Gosta concluded the email from the heart –
‘You mustn’t think that this move one step for me to be able to leave this job. On the contrary, if I can take these three months you have given something so incredibly important to my family, something that means so much to me, that my loyalty will only increase.’ Needless to say, after two meetings, they agreed.
In hindsight, I think that last tactic was a stroke of genius. He had appealed to their emotions to be with his family. Whilst economists may hypothesize that decisions are rational, any marketer will tell you that all decisions have a large dollop of emotion thrown in. He had appealed to them about a universally recognised need and psychologically given them the power to be the bigger man.
We rented a house on the small island of Brännö over July, August and September. As it was a long term holiday rental we haggled quite a bit over the price and whilst we didn’t get it down much, we did get September chucked in for free as it wasn’t peak season (note to English people. Get a non English person to do the haggling. They’re far more shameless than we are).
It was just as we arrived that I started throwing up. Sure enough I was pregnant. And we were delighted …sort of. The pregnancy was planned in the way that, since I wasn’t getting any younger we had thought it better to start trying a year after my daughter was born. But our luck at getting pregnant precipitated a move out of Richmond. Our tiny terraced house wasn’t big enough for the three of us, let alone a fourth. We considered many options, but Sweden and more specifically Brännö, held numerous advantages:
• Brännö was next to the sea…
• And slap bang in the middle of nature (in fact it was the nature)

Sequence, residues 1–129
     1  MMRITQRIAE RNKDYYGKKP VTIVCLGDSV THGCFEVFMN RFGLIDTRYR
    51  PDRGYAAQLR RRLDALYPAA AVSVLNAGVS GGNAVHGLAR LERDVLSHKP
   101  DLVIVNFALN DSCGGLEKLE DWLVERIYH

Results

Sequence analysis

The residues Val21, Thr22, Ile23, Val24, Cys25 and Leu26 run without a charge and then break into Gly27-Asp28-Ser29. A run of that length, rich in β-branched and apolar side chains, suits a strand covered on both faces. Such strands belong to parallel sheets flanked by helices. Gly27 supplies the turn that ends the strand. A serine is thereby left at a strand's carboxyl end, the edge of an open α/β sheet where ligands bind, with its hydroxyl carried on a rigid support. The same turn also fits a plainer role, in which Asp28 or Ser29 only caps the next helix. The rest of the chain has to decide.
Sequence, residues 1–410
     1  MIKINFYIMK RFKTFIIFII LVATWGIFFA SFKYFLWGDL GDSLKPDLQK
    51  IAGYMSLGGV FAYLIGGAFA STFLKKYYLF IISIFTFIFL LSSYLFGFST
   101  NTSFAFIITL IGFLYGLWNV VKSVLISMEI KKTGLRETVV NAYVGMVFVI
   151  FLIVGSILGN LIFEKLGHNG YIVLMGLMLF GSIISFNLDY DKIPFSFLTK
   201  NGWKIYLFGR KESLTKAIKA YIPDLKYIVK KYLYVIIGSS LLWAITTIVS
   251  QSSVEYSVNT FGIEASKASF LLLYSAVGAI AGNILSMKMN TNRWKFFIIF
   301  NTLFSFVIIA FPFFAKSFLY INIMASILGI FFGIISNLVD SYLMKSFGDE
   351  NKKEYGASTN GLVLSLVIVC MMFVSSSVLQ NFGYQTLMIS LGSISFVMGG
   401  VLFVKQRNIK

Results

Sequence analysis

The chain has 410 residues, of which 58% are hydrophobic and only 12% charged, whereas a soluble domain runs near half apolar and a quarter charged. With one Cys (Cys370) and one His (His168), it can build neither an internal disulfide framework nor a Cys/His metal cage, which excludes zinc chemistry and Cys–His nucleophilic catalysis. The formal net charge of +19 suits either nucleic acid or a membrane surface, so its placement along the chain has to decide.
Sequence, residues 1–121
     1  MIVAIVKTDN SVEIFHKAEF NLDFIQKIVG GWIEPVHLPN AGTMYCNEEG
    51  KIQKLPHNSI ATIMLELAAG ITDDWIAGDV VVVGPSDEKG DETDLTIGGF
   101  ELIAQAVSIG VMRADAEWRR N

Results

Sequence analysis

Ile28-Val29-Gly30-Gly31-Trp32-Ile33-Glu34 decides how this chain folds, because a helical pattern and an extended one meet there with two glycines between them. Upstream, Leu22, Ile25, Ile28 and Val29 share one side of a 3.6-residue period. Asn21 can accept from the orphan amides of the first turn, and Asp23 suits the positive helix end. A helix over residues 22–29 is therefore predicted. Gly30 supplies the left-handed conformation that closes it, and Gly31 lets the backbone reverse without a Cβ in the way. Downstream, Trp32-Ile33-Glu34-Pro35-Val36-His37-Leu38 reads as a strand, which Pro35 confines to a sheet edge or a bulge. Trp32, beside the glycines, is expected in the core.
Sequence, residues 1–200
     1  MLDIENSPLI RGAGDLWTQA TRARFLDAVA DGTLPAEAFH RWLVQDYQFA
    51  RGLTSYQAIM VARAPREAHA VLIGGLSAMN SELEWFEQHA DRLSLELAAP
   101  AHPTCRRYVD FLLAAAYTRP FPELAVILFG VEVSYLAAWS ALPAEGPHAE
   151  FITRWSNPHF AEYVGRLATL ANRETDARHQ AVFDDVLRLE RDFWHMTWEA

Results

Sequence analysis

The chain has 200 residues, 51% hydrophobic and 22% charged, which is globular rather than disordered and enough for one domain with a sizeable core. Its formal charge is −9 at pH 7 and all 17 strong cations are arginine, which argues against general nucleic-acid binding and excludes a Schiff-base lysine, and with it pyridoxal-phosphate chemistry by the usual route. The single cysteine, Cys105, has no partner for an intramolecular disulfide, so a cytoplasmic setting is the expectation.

• We could get a house which was twice the size for half the cost
• Childcare is [practically] free
• Parental leave is paid for 13 months
• We had family close by
And although I am ashamed to admit it, our living expenses would be reduced substantially due to the consumerism to which I found myself vulnerable in more civilized society. There was no Harrods in Brännö, in fact there was just one grocery store (I have since found that Amazon has profited quite nicely from this though). For all the resources at our disposal it made sense. Childcare alone would increase our wealth by 40K a year.
Addressing a permanent move here with my boyfriend’s company was a big ‘ask’. For many reasons, we decided to wait until the last three weeks of the stay so that it was already proven he could do all the work remotely. The plain truth of the matter was that we couldn’t afford to stay in London and for our family’s sake we had to move out. My pregnancy wasn’t designed to be used as a manipulative tactic but nevertheless, we regarded it as a very useful negotiation tool – yet another resource at our disposal.
If we had to move out of London anyway, they would either have the expense of losing and having to find another person, or accepting that they got the service from someone who worked out of the office. And for whom they didn’t have to pay the overhead.
After several email exchanges, the negotiation boiled down to two sticking points.
a) That they didn’t want to have an employee based in Sweden and be subject to Swedish HR law
b) That he needed a little face to face contact to ensure his continued relationship with his colleagues
Promptly we offered to transform his employee contract into a rolling 6 month contract with a trial period and agreed that he would come over – at his own expense – every two months. Luckily for him the next opportunity to go over coincided with the Christmas party…And they got a contractor for exactly the same price as an employee with no risk on their side.
One month later, supported by his salary, we moved. In our new home, we feel rich (in money terms) and – of course – hugely wealthy if happiness is the currency.
We’re not all the way there and certainly have some way to go on reducing working hours. But our next goal is to spend the winter months in a rather warmer climate. Cyprus is an option since my father lives there. We’re lucky that we have an international family. And of course now that Gosta is free to work from wherever he wants, we don’t have to stay in Sweden….the world is our oyster.
So there you have it. Dreams can become reality BUT you have to plan it and then take action and follow it through. In the next section we show you, step by step how to plan your future: Why Goals Are Vital To Your Success
Living The Dream